OK, I'll admit it, I've actually said, "Bah, humbug!" at least twice since Thanksgiving.
The weather has put me in something of an anti-winter funk. My desk has been covered in holiday scheduling changes, charitable requests and a 'to-do' stack that is growing every day. And that's just the workday part. At home, it's been a non-stop check-writing frenzy for school projects, athletics, charities, and alma maters, not to mention the "please bring a treat to share" invitations that mysteriously don't show up until the day before.
Throw in the non-stop Black Friday/Small Business Saturday/Cyber Monday pressure to shop-shop-shop, a clerk who was actually texting while checking me out and a couple of ill-mannered children who were ignored by their parents but certainly captured the attention of everyone else in the theatre and "Bah, humbug" was the least harsh thing I had to say.
Unfortunately, I'm not nearly as articulate as Ebenezer Scrooge, whom I quote,
"Every idiot who goes about with Merry Christmas on his lips should be boiled with his own pudding and buried with a stake of holly through his heart."
I thought I was doing a halfway decent job of keeping the Scrooge in me in check. When my son asked about putting up the Christmas tree early this year, my daughter cut him off and said, "We'll be lucky if the tree goes up at all this year."
Ouch. It's one thing to feel miserly and misanthropic. It is entirely another thing to have those character traits confirmed by those who would know best. All I wanted was a batch of my mom's Irish mad fudge and a nap, preferably one that lasted until February. Once I did finally get to bed, I half expected to be visited by three spirits.
However, since my life is by no means a classic novel, there were no spirits. The alarm went off the next morning at its usual time and I was busy uttering those famous lines, "Get up or you'll be late for the bus!" instead of "God bless us everyone!"
By this past Wednesday, nothing had improved. Even playing elf bowling wasn't helping my mood.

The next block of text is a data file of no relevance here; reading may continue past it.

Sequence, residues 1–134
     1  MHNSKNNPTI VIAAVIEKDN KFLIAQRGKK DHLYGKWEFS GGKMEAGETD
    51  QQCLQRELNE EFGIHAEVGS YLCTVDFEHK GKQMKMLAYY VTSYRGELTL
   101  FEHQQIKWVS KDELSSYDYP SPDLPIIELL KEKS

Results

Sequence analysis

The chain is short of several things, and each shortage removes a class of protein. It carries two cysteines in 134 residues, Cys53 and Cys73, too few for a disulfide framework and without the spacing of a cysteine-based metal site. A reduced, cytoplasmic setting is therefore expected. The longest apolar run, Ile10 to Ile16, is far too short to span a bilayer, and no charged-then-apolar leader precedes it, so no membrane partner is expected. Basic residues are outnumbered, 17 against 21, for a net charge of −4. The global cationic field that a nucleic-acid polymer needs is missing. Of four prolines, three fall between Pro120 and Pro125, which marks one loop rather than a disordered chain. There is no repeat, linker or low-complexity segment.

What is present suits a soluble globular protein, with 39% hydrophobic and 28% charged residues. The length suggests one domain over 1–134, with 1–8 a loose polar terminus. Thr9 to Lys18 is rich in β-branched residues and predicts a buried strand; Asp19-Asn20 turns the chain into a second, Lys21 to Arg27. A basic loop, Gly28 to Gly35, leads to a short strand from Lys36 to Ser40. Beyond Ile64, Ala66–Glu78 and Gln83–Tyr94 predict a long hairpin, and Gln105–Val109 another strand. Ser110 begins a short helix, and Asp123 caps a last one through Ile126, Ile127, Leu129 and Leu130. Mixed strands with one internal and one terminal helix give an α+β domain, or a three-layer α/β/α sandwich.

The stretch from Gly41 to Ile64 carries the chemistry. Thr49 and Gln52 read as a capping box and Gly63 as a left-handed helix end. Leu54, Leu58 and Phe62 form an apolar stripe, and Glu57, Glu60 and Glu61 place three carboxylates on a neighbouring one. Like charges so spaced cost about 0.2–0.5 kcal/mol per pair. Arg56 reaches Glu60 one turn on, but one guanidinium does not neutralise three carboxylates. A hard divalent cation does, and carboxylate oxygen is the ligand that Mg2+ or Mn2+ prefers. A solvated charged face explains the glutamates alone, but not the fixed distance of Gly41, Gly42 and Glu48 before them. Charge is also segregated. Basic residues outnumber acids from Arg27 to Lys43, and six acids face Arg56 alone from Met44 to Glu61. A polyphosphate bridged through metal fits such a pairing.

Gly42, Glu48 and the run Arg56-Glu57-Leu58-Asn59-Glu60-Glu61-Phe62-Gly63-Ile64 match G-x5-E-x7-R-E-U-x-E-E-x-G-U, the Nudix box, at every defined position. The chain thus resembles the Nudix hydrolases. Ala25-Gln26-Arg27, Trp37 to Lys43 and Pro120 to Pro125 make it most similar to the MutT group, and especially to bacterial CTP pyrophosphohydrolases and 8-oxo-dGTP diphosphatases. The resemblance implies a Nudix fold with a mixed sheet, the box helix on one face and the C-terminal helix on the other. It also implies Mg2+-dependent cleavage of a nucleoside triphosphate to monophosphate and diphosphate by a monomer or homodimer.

But that evening, I went to the dress rehearsal for the Univesity of Minnesota, Morris Concert Choir's annual Carol Concert. I had planned to spend about a half hour at the rehearsal, taking photos and video.
It was about halfway through the rehearsal that I started feeling less Scrooge-like. Perhaps Ken Hodgson's passion for the music rubbed off on me. From all appearances, it would seem he can literally pull heavenly sounds from unsuspecting singers.
Maybe Jim Thoreen's obvious delight was contagious. Jim is the narrator for the production and was singing along with great enthusiasm throughout the rehearsal. He assures me he won't be as animated during the performances, but he was almost beaming in appreciation of the music that night.
It could have been the combination of nervousness and surprise on the singers' faces when they heard what a beautiful sound they were making. In listening to the chatter after the rehearsal, it was clear this was the first time the entire choir had performed the concert from beginning to end with no interruptions. Some of them seemed surprised by the final product, others relieved.
Regardless, as the last verse of "We Wish You a Merry Christmas" filled Assumption Church, I was ready for the work that comes with making holiday memories for my family. I was ready to forgive those who are still struggling with their inner Scrooge and work to overcome my own.
While I'm not quite ready to quote Dickens, Conan O'Brian came to mind, "In a world with real problems, I've been absurdly lucky."
I strongly recommend that you attend this year's Carol Concert. Close your eyes and let the music surround you. And when it's time to sing along, sing loudly.
You can hear an excerpt from the Carol Concert here